Spoiler Warning! Strongly Recommend Watching mother! Before Continuing To Read
In the lead-up to his supposed home invasion movie, mother! Darren Aronofsky gave nothing away. Yet from the beginning, a few subtleties in the film’s first half indicated that these characters were quite unlike the audience first expected.
This is a movie that is both hard-hitting and entertaining. Although possibly not for everyone, it will be seen as a masterpiece in time. Aronofsky is brutal in his portrayal of humanity, critiquing man through the spiritual and environmental.
As the plot advances, viewers unexpectantly find themselves wrapped up in a thorough account of The Bible. mother! Creates a world all for itself. The location never changes, and you never see beyond the meadow surrounding the Victorian home where the couple live. A field that is symbolic of Eden.
The film is a contained planet of its own. A world that documents The Book of Genesis, modern warfare and the deterioration of Earth through extended metaphor and a single setting.
A Biblical Allegory.
As soon as you pick up on the Biblical referencing, it’s all you see. Aronofsky relies on clichés any analytical mind could pick up on:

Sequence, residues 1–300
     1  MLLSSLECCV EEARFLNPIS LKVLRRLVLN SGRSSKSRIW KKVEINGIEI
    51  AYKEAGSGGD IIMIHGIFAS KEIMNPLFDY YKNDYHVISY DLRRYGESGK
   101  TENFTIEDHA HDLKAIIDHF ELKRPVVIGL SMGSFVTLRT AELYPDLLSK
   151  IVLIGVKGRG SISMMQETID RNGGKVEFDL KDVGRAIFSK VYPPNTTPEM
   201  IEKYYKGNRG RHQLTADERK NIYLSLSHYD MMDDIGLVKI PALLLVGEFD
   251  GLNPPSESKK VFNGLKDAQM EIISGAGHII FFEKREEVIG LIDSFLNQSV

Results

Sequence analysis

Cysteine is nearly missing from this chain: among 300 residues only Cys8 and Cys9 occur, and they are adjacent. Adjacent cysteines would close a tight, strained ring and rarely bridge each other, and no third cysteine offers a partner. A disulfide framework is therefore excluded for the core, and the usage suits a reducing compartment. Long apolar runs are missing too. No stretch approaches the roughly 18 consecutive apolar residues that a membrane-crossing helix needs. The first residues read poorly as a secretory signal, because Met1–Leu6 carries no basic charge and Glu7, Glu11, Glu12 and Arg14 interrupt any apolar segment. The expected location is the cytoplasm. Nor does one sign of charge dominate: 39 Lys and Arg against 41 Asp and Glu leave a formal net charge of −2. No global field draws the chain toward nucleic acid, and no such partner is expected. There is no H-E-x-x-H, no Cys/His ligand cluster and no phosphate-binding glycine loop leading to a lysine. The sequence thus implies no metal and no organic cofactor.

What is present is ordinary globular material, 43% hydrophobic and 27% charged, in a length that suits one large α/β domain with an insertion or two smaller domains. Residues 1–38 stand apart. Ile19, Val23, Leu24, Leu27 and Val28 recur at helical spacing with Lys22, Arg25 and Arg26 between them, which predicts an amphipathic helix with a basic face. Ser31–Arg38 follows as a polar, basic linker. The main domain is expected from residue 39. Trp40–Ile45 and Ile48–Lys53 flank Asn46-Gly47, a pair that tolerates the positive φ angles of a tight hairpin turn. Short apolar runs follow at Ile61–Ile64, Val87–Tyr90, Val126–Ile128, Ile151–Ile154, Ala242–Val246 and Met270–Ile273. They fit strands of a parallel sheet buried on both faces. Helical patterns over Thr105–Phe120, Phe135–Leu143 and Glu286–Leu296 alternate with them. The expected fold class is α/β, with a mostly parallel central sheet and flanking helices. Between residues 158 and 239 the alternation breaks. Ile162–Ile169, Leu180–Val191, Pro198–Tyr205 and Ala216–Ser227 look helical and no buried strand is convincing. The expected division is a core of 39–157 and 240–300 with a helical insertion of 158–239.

Jennifer Lawrence’s mother nature (the long-suffering housewife who gives and gives until she can give no more) is seen periodically drinking a yellow liquid. Perhaps a direct nod to Charlotte Perkins Gilman’s The Yellow Wallpaper? A theory supported by Lawrence’s recurring visions of a beating heart in the walls.
Additionally, this is offset by the vain poet Javier Bardem (God), who becomes ever motivated by the obsession of his followers.
Bring in Michelle Pfeiffer’s Eve, and suddenly, the couple’s paradise is disturbed! In Bardem’s study, Eve becomes increasingly fixated on a crystal (the apple)! A crystal she accidentally destroys. It is here we begin to see Eden crumble.
Despite this, it is not so symbolic that it is inaccessible.
Aronofsky is careful in his structure. The movie has a clear beginning, middle and end. It is slow-moving and sinister in the opening. Then, tranquil and hopeful at its center, it descends into a hellish nightmare before returning to exactly where it began. The plot is cyclical in its never-ending commentary of the failure of man to get it right.
Aronofsky ties up the ending so tightly that perhaps he does too much of the legwork for the audience. In regards to this, while it is a think piece, those who are not as aware of the Bible’s teachings or traumas in the world neither need to be nor necessarily leave any more educated on such matters.
It can be experienced for entertainment only, as it is a film that places its success entirely on audience reaction. Variety.com surmises it as an allegory of ‘everything and nothing simultaneously,’ concluding that it can mean as little or as much as an individual decides it does.